Focus on the Widow of a US President Whose Legacy is Revered in Edinburgh

The memory of President Lincoln is widely revered – there is even statue of him in Edinburgh – but the First Lady who supported him through the Civil War is forgotten in Scotland and reviled in America. Mary Lincoln was a woman who suffered repeated personal losses and tragedy and betrayal. And all this was reinforced by the loathing of an American establishment which appropriated and twisted the realities of her life. Mrs President, a powerful and well-received new Fringe production, gives Mary her own voice for the first time.

The American Civil War Statue (also known as the Scottish-American Soldiers Monument), in Old Calton Burial Ground, dates back to 1893 and commemorates Lincoln and the Scots volunteers who fought and died in the brutal Civil War that succeeded in ending slavery.

It emphasises the strength of the links between Scotland and America. Indeed this was the first statue to a US president outside the country’s borders and the only one to commemorate the Civil War.

LeeAnne Hutchison, who plays Mary Lincoln in Mrs President, visited the monument during the early part of the show’s run at the Fringe. It was an act that highlighted the power of the arts – from sculpture to drama – to shape perceptions. In some cases this reinforces and builds social or political opinion, in others it challenges them.

Mrs President takes audiences into the world of Mary Lincoln, who was highly active in rallying support for her husband, and was sitting hand-in-hand with him at the theatre when he was shot in the head by an assassin.

Her life was torn by tragedy and mental ill health. She was tormented by the death of her children, grief stricken after staying by Abraham’s side for hours as he died and later tormented by cruel accusations.

Sadly, her place in history is as one of America’s most reviled First Ladies.

The play, by writer and artist John Ransom Phillips, sees Mary enlist celebrity photographer Mathew Brady – whose images of Abraham Lincoln helped win him the Presidency – to recast her image and silence Washington. This was a man of immense influence – his battlefield pictures defined the American Civil War and his wider work helped forge the USA’s national identity. Tensions rise as subject and artist clash over creative control.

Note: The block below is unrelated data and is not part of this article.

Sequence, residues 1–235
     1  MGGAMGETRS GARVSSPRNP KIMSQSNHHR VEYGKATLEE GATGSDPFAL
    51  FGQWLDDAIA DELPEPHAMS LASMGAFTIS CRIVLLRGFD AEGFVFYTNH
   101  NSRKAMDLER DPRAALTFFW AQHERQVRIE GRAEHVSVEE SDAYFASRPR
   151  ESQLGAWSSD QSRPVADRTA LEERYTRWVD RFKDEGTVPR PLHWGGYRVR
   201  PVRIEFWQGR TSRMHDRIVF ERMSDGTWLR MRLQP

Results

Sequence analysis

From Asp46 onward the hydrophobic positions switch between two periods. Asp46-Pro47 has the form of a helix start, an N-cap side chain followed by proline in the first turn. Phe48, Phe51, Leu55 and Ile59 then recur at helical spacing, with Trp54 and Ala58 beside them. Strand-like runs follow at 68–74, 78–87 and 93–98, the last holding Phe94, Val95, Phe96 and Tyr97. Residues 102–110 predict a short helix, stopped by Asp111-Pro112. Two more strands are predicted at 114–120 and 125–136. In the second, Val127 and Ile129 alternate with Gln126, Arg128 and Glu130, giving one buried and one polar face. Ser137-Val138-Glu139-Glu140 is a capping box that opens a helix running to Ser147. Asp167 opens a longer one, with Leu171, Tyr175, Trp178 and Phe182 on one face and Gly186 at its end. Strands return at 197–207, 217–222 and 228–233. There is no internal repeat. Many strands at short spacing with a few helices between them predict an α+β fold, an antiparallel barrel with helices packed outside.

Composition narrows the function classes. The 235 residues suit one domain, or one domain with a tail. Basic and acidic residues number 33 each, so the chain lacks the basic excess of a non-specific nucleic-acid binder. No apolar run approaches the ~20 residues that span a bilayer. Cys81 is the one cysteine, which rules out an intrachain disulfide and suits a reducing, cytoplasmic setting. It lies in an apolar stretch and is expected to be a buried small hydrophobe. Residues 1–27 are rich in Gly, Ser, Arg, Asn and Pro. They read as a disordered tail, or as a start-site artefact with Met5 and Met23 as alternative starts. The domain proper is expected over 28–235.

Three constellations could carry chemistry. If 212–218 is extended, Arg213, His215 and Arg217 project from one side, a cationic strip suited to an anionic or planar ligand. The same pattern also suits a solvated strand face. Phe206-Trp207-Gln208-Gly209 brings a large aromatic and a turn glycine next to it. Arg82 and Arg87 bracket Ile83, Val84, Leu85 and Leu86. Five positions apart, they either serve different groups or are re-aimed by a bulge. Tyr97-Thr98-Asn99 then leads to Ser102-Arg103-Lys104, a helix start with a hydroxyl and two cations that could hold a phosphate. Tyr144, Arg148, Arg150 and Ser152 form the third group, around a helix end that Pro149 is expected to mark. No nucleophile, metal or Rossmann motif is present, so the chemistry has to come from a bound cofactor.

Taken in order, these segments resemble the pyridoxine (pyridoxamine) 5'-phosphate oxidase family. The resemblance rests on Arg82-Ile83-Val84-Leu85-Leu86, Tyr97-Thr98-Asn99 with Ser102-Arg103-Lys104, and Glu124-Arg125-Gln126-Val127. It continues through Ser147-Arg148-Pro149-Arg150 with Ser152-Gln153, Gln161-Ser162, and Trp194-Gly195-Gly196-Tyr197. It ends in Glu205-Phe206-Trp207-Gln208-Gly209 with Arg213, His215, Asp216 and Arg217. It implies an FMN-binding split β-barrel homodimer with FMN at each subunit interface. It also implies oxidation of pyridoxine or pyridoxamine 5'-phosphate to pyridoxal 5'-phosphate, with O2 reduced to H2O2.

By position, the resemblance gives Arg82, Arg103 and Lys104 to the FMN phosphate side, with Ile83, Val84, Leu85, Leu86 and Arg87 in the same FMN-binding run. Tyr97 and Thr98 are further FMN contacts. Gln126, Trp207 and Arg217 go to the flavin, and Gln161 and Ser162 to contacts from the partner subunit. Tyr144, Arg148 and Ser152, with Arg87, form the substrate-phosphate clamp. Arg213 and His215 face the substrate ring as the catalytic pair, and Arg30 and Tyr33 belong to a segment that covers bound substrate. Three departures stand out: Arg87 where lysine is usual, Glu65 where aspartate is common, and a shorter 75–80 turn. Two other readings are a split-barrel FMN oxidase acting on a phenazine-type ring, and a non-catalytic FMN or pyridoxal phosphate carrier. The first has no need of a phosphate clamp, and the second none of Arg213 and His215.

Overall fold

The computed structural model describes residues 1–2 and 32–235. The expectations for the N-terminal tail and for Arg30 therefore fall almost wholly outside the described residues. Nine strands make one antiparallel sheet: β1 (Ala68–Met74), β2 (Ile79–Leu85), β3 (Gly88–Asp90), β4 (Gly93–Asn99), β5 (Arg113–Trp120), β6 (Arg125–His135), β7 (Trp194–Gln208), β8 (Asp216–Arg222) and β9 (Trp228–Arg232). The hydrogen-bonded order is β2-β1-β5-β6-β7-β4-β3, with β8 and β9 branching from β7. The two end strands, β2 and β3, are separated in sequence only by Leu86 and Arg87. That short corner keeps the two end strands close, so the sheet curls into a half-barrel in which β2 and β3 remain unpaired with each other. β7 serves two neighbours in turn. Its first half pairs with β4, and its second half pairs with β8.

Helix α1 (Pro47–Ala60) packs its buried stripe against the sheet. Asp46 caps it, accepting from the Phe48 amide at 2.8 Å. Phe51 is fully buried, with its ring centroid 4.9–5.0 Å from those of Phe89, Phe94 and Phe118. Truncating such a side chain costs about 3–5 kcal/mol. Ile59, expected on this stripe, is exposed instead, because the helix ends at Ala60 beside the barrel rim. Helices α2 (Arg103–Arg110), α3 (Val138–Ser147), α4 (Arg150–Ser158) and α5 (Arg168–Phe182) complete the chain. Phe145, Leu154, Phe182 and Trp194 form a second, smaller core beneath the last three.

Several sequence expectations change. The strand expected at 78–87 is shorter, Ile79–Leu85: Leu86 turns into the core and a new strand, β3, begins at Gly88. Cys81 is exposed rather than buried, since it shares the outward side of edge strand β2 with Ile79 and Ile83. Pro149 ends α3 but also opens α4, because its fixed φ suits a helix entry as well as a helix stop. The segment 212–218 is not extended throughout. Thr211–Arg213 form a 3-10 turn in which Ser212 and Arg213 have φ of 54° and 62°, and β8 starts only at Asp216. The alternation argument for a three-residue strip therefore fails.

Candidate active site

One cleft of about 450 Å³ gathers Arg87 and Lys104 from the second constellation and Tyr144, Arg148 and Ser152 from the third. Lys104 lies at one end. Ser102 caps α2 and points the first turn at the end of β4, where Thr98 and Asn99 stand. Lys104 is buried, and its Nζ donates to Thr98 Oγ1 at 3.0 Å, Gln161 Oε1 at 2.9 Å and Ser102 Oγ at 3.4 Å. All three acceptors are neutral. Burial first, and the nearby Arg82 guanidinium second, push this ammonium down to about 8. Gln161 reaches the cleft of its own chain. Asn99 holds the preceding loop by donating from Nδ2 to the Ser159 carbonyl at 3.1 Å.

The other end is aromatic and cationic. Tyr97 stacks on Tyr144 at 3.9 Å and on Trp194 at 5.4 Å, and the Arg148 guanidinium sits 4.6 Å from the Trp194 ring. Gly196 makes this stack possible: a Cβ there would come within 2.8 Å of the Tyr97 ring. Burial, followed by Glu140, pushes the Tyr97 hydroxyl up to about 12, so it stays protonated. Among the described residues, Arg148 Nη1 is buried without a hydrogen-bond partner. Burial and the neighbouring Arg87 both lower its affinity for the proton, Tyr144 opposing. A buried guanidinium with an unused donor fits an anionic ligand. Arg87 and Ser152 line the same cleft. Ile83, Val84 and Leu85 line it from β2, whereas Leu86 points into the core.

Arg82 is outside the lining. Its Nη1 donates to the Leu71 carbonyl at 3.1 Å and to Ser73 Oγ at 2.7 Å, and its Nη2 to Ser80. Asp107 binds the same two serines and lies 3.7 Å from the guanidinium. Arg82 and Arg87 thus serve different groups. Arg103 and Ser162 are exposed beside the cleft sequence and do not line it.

It’s a production that explores identity, agency, and the power of representation – of narrative – and ultimately of legacy. It gives Mary her own voice for the first time.

Phillips says: “Mary Lincoln is the most vilified First Lady in American history. The Edinburgh Fringe is the ideal place to take a fresh look at her story and to begin changing her place in history.

“There are powerful connections between Edinburgh and the Lincoln presidency, with Scots having volunteered to fight to help end slavery. And the city is home to the greatest performing arts festival in the world.

“This play shows Mary as a woman in the grip of profound grief – she had buried three sons, saw the assassination of her husband and was then betrayed by her remaining son. 

“Viewing her through modern eyes, and through Mathew Brady’s outdated lens, holds lessons for us. Controlling your image is precarious, and Mrs. President shows us just how hard it can be.” 

Director Lily Wolff goes further, identifying Mary as a strong woman who was condemned, in part, for failing to submit to social norms.

She says: “Mary Lincoln haunts me. Her brilliance and depth of feeling meant she didn’t fit in the box society assigned her.

“Sadly we still perpetuate dehumanising narratives about this First Lady, failing to recognise the terrible losses she endured. Mary’s life was full of ghosts.”

Born to a wealthy slave-owning Kentucky family Mary was a devoted supporter of her husband. Of their four sons only one outlived her, with two dying as children and one at 18. 

In later life her behaviour became erratic, she was briefly confined by her remaining son to an insane asylum. Deeply depressed Mary tried to take her own life and endured worsening physical health. Rather than being understood as vulnerable she was damned as “crazy”.

The play takes audiences into Brady’s studio where Mary traverses her life story. Under his focus, she is forced to explore who she truly is, regardless of history’s limited view.

Perhaps one of the most poignant aspects of the play is not that it plunges us back into the attitudes and issues which brought about the American Civil War, but the degree to which we hear echoes of all that’s taking place in the culture wars of today.

Full show and booking details here.